I'm placing far more trust in sites like Amazon and my bank to keep my details secure, because that's pretty much the only details I have on the internet which could genuinely cause problems for me if they were to be made publicly available. Google have emails and my calendar, not really sure if there's much malicious they can do with that. Most of my stuff is publicly viewable on Facebook because I don't really see how anyone could use it maliciously either, except for maybe "lol Rosti is ugly". The town I live in, the schools I went to, none of them have much use to anyone except for perhaps singling me out on Facebook as the "Chris Rowe" they want.
The only stuff I've got locked down to not be publicly viewable on Facebook are my email and IM addresses, and my address and phone number, which are more to prevent bots trawling that sort of thing and sending me spam than anything else. And it's up there for friends to see, because I want them to be able to see it, beecause that's sort of the point of putting it there to start with.
There's always going to be people out there who have what I personally consider to be paranoia over anonymity and personal data on the internet, to the extent where retention of pretty much any trace of them is seen as a gross breach of privacy. And I can sort of see where they're coming from, but given that it's going to make fuck-all difference to their everyday life, I don't quite get why they kick up such a fuss about it, and go to such huge lengths to stop it happening. If I was the sort of person who went around making a lot of people angry on the internet (I'm not that bad I hope), then I might be more worried about people connecting my online pseudonym to my personal information, because you only have to piss off one absolute psychopath for that to start to be come a real problem.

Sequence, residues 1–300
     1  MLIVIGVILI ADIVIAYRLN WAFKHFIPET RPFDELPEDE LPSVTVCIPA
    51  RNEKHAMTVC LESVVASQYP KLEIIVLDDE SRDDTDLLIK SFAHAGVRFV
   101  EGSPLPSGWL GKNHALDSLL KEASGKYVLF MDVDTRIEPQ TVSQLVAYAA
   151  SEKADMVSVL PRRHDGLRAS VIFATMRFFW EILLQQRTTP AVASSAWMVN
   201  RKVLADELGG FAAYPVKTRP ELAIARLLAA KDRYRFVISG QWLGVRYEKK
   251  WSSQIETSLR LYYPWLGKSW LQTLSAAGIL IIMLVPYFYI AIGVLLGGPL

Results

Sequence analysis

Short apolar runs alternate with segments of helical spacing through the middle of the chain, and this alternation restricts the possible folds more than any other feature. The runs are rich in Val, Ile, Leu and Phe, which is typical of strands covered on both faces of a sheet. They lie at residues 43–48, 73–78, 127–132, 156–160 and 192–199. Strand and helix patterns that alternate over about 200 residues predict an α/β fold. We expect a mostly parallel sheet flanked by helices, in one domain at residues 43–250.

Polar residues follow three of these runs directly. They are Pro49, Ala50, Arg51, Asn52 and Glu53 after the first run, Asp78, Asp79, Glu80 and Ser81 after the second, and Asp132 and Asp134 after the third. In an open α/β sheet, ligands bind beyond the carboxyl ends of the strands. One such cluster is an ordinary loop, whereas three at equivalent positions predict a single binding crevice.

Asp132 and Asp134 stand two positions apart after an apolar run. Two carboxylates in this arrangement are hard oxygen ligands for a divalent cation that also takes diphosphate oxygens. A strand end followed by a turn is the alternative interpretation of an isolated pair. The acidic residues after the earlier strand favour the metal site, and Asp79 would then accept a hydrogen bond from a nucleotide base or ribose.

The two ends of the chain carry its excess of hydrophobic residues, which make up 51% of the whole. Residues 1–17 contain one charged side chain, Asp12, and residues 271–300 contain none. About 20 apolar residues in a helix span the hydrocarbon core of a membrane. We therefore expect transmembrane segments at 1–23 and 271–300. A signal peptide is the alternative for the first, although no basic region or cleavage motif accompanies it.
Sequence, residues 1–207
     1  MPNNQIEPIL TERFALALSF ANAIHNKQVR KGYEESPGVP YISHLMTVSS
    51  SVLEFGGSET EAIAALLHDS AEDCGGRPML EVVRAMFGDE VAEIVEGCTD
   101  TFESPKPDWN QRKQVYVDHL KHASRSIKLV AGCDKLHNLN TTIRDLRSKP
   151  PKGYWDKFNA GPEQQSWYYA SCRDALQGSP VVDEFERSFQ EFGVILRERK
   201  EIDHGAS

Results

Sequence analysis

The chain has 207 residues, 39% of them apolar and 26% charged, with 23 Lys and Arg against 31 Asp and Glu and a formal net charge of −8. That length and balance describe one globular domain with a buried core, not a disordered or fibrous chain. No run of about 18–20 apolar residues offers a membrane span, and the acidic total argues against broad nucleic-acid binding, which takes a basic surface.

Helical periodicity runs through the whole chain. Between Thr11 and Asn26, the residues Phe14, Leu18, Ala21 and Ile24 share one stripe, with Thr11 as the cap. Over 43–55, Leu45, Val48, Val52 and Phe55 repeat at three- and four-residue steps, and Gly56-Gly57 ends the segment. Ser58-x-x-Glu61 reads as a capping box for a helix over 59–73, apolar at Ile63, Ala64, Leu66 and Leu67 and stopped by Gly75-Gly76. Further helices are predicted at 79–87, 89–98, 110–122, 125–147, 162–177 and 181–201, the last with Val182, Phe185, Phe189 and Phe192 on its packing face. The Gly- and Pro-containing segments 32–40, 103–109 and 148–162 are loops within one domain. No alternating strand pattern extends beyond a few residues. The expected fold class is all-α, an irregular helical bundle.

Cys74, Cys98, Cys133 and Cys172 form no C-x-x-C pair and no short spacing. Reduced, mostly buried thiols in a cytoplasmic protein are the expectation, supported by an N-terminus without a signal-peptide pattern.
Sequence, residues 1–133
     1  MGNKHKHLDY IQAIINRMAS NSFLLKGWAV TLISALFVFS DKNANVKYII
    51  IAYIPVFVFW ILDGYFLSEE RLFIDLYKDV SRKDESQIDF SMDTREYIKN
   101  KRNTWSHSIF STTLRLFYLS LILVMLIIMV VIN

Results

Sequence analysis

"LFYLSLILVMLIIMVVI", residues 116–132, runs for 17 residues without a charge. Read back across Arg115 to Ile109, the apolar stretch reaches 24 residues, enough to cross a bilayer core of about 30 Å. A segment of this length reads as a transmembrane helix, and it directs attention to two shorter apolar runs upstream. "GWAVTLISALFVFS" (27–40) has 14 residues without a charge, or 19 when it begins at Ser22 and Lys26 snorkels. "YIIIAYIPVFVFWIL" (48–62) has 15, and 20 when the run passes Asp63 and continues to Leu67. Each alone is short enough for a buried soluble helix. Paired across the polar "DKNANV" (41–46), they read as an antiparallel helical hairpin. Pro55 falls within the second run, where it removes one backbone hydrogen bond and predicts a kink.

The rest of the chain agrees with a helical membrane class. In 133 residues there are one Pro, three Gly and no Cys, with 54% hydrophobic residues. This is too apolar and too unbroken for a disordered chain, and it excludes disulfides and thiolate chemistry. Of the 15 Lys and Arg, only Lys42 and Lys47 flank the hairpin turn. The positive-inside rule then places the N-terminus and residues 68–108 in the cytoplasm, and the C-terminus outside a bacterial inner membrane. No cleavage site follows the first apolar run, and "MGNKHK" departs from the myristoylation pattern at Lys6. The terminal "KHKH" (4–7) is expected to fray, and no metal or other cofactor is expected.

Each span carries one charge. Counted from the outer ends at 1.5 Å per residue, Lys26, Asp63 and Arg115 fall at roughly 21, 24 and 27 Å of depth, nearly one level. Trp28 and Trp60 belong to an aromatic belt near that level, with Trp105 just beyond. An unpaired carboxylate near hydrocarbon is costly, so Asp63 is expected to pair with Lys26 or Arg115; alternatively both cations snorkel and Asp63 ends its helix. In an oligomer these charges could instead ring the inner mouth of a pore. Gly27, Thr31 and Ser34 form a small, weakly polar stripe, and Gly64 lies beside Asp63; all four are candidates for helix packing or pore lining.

Ultimately I would say that if you're the sort of person who wouldn't want even a trace of personal information leaked onto the internet, if you were the sort of person who is genuinely bothered by the torrent, then why would you bother getting Facebook in the first place? For one, the privacy controls do work. Sure, some things are by default set to be publicly viewable, and you have to set them to be hidden if that's what you want, but ultimately Facebook is a social networking site. The whole point of it is to share what is basically personal information with other people.
If anything I would say that the torrent highlights the fact that sure, you might have some personal information on the internet, but so do one hundred million other people. The chances of someone actually using your information for anything more than just broad statistical analysis are extremely small. And that's assuming there's anything they can really do with it in the first place.